Many people often pose the question why outdoor sports enthusiasts are so bad with money. It’s a fascinating question. Is it all the gear purposes? Does the money go blowing in the wind? What’s going on here? Well, let’s talk about it.
One of the reasons for the strange inability of outdoors people to handle money properly, stems from some of the ideals that outdoors people treasure. Many outdoors people choose that lifestyle because they want to pursue happiness. There is evidence that material success does not, in the long-term, contribute to happiness. For instance, research has found that winning the lottery does not contribute to the overall happiness of the lottery winners though it may contribute to their financial life satisfaction. This isn’t to say that money has no effect on happiness.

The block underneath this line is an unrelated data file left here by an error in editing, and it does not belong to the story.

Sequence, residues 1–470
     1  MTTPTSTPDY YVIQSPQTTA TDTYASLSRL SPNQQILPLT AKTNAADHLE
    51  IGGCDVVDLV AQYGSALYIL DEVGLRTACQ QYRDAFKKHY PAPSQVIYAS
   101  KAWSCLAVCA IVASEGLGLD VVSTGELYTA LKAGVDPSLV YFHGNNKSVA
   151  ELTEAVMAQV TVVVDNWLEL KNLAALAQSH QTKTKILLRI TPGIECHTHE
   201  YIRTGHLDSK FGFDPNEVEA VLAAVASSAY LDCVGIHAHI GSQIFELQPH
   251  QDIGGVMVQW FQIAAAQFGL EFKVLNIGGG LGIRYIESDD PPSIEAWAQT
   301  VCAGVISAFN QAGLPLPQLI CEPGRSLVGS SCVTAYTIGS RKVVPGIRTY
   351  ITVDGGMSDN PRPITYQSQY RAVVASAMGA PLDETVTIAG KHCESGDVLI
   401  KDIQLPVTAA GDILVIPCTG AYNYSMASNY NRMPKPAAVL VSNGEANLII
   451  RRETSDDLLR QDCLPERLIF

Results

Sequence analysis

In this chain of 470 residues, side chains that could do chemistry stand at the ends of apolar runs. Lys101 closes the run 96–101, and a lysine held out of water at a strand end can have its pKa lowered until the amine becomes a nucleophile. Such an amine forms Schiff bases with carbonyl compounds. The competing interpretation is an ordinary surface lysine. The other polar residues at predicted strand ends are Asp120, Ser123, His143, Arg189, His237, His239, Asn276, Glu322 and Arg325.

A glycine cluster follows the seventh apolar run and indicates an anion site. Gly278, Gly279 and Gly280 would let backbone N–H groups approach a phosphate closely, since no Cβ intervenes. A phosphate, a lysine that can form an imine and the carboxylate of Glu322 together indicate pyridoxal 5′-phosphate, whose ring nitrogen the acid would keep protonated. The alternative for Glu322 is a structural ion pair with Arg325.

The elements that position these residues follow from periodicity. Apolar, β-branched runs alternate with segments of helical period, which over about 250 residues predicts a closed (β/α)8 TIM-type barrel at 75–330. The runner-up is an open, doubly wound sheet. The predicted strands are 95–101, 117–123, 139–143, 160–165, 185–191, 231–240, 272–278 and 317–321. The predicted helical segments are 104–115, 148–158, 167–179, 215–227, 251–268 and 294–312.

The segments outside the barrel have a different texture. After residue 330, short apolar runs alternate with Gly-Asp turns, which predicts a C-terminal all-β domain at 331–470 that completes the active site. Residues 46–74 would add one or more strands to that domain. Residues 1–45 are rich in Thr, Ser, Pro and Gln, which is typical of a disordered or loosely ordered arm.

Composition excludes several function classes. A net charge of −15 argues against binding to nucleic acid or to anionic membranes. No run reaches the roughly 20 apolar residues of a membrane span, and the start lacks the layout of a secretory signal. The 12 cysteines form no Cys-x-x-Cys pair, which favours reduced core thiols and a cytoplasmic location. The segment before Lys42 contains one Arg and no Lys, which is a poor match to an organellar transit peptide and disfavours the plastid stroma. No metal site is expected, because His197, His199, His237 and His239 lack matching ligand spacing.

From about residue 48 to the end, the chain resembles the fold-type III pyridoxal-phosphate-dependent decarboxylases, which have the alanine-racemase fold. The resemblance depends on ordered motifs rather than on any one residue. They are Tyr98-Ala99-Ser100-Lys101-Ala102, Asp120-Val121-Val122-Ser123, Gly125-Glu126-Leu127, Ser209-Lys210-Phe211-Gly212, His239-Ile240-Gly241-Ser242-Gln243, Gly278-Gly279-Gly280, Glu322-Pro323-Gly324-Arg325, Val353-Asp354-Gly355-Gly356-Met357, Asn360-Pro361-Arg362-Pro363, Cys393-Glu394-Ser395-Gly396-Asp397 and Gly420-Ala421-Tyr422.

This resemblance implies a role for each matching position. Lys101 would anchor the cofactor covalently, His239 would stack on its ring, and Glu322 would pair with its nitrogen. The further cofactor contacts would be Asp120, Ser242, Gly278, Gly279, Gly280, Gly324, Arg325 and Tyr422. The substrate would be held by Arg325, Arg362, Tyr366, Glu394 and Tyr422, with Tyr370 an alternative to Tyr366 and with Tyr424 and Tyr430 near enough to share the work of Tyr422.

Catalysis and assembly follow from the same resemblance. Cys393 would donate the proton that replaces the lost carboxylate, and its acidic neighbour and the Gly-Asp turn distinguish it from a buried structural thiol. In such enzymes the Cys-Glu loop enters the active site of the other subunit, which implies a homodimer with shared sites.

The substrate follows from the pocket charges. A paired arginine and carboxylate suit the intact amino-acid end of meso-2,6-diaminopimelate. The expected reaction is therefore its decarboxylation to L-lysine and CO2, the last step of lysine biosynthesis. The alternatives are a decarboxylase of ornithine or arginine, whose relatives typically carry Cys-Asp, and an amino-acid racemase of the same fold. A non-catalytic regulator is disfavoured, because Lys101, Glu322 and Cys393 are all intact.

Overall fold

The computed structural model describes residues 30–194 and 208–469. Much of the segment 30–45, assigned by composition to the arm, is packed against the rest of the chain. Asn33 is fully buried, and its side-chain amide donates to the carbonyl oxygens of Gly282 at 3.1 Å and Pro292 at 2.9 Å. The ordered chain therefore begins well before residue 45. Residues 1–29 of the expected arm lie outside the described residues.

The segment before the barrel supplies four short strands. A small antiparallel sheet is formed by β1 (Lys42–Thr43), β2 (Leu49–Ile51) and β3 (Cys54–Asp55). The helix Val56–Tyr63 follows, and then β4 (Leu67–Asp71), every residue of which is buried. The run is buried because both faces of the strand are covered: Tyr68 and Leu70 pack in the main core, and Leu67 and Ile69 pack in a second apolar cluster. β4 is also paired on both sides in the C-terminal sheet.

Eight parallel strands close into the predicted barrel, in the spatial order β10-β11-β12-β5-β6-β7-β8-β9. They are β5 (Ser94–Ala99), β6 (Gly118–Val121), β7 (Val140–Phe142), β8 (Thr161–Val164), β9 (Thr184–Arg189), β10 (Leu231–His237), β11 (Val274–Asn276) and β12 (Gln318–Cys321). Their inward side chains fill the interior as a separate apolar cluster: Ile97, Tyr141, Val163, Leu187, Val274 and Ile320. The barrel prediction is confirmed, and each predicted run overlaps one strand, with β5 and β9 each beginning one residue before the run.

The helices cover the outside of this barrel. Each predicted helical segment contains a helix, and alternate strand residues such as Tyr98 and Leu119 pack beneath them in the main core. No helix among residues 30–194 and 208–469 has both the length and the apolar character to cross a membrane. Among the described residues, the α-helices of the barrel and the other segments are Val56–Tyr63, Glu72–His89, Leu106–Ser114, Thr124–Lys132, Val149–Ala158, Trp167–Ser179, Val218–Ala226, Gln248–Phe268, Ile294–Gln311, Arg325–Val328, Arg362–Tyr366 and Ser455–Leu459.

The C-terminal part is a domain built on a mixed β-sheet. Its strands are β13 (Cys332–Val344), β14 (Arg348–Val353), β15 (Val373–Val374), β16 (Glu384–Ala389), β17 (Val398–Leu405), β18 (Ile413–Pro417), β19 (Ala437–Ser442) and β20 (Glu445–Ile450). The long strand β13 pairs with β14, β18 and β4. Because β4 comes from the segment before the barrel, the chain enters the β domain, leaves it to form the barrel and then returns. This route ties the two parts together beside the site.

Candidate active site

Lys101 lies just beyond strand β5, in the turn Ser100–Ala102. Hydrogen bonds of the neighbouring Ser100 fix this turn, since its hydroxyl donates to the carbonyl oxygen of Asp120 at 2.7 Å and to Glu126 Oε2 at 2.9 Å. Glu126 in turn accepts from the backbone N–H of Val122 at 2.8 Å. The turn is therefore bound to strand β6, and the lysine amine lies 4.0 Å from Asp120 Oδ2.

According to economists Betsy Stevenson and Justin Wolfers, the more money a person has, the happier they are. They drew this conclusion after examining World Bank data from over 150 countries. However, the happiness that money gives is not a dramatic kind of swinging-from-chandeliers happiness. According to 8000hours.org, each doubling of a person’s income is correlated with an increase in life satisfaction of 0.5 on a scale of 1 to 10. Put simply, if you doubled your income today, you’d only be 5% happier than you normally are. Nobel Prize winning economist, Angus Deaton, found that an increase in happiness as a consequence of having more money, is only really possible after a certain point. Deaton found that in the United States, $75,000 per year is the threshold income in analyzing the relationship between income and happiness. Below $75,000, having more money does indeed result in being happier. Abover $75,000, however, increases in happiness start to taper off and it begins to matter less and less if you have more money. WHat makes $75,000 so special? Well, it’s the number that researchers believe meets the basic needs of each individual. Abraham Maslow’s hierarchy of needs suggests that the most important needs that people have are their basic needs such as food, clothing, shelter and healthcare, whereas other needs are not so important. You could say this is a negative or preventive view of happiness. In other words, $75,000 inoculates you from the want of those basic needs and the psychological, and physical pressures one feels when one cannot meet those needs. Raising your income to $75,000 prevents the destructive emotions that arise from not having basic needs met. At a certain point, the relationship between money and happiness evaporates. Some wealthy people are miserable, some wealthy people are obscenely happy. The truth is, poverty is immiserating in more profound ways than many people imagine. In fact, one study found that wealthier people were less likely to enjoy positive experiences, compared to their less wealthy counterparts. When you can buy everything you want, you are likely to lose the ability to enjoy the simple things in life, like the setting sun, the smell of the grass…